Memphis Daily News Chandler Reports Nashville Ledger
» Subscribe Today!
The Power of Information
Home
The Ledger - Est. 1978 - Knoxville Edition
X

Forgot your password?
Skip Navigation LinksHome > Article
VOL. 43 | NO. 3 | Friday, January 18, 2019

Be polite and keep your business jargon to yourself

Print | Front Page | Email this story

Have you ever wondered how your website is doing in the SERPs? What about your PPC? Are you getting a good CPA? What about the CPM? Are you tracking all of your KPIs?

Was the last sentence obnoxious or what? There’s a good chance I almost lost you when you read it. You might have immediately wanted to stop reading this.

I’ve spent many years as a digital marketer in the corporate world. I’ve led teams and projects centered on acquiring new customers online. And these acronyms are part of the jargon that digital marketers use every day.

They stand for search engine results pages, pay per click, cost per acquisition, cost per thousand and key performance indicators. Who would have guessed?

Sometimes, acronyms can be a necessary and useful way to communicate. Other times, they’re a total waste of space and, frankly, rude to the person you’re speaking to.

I’m sure you can relate. Who hasn’t felt talked down to by someone throwing out industry jargon as if it’s another language? It can feel like the person has something to prove.

The point of what I’m saying is this. If you can communicate your message to someone simply and without using jargon, do it. Only use industry specific jargon and acronyms when there’s not another way.

This is especially true when you’re talking with colleagues or clients who work in another department, another industry or another company. And, it’s also true when you’re interviewing.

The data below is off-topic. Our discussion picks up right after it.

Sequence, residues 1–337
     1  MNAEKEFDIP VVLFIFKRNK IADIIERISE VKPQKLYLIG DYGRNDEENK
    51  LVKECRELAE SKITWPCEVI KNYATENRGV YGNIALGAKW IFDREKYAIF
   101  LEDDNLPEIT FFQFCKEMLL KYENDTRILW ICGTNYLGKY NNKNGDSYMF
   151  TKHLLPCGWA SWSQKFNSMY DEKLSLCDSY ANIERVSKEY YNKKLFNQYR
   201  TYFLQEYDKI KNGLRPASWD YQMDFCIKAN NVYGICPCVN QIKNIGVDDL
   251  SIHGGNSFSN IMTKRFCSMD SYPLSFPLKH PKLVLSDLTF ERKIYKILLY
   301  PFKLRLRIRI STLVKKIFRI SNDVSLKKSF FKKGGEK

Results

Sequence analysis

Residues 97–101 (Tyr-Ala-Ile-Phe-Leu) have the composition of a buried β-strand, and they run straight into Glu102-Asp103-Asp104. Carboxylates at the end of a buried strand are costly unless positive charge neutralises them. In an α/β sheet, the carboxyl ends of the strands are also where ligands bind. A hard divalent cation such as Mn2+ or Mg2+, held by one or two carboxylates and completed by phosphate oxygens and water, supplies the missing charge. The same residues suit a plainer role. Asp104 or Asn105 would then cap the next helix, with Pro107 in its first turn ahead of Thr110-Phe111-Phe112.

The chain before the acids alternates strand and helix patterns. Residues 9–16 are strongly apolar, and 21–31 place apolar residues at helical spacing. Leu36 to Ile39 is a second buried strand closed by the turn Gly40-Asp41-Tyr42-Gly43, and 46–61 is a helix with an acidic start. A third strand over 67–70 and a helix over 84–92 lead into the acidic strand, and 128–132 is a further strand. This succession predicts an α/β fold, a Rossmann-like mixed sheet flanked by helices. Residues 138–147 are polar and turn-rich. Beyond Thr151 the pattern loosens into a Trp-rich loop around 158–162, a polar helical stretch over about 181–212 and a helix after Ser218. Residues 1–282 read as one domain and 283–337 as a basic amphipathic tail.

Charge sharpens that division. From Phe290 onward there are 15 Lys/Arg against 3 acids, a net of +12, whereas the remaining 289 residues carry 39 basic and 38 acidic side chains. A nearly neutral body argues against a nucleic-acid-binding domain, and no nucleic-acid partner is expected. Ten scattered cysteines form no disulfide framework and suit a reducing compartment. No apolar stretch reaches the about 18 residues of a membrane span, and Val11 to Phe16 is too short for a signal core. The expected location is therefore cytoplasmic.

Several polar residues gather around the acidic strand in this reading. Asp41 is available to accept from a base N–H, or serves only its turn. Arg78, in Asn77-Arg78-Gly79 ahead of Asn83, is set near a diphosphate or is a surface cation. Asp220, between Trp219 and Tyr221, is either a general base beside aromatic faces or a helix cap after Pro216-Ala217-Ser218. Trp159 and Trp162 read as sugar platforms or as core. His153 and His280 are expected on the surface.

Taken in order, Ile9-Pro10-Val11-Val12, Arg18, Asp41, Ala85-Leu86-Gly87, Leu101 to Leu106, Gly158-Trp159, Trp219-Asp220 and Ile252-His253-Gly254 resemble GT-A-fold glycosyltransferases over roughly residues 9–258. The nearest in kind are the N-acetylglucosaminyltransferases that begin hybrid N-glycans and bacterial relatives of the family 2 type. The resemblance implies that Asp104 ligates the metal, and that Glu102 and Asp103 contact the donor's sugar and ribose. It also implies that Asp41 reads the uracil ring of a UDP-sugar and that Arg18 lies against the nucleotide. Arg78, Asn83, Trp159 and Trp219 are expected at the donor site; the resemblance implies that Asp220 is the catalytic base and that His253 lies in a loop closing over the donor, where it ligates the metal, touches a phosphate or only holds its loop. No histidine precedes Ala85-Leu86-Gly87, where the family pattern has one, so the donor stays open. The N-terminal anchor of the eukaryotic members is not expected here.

Nothing turns off a hiring manager – or a candidate – faster than throwing a bunch of letters at them.

Talk to others in a respectful way. Speak to them in a manner that shows that you believe you’re on the same level with them. Assume they will understand the concepts, but don’t assume they’ve been studying from the same dictionary.

I’ve never received a higher compliment than when I worked with franchise owners. After giving a presentation to a few hundred owners on the topic of digital marketing, one owner approached me and said no one else had ever spoken to him about the internet in a way that he understood so clearly. He appreciated me taking the time to speak using plain language, but with an important message.

This idea has never left me. Setting aside the jargon allowed the real message to come through. The important message. The meat. It allowed me to speak with people who are intelligent business owners, but not digital marketers by trade, about important things that would impact their business. And, plain language allowed me to do it in a way that anyone could understand.

The next time you give a presentation, go on a job interview, or sit in a meeting, look for the most straight forward way to explain your point.

Your message will get through to everyone, no matter what level or background. Best of all, you will gain respect and understanding.

Angela Copeland, a career expert and founder of Copeland Coaching, can be reached at copelandcoaching.com.

Follow us on Facebook, Twitter & RSS:
TNLedger.com Nashville Editon
RECORD TOTALS DAY WEEK YEAR
PROPERTY SALES 0 0 0
MORTGAGES 0 0 0
FORECLOSURE NOTICES 0 0 0
BUILDING PERMITS 0 0 0
BANKRUPTCIES 0 0 0
BUSINESS LICENSES 0 0 0
UTILITY CONNECTIONS 0 0 0
MARRIAGE LICENSES 0 0 0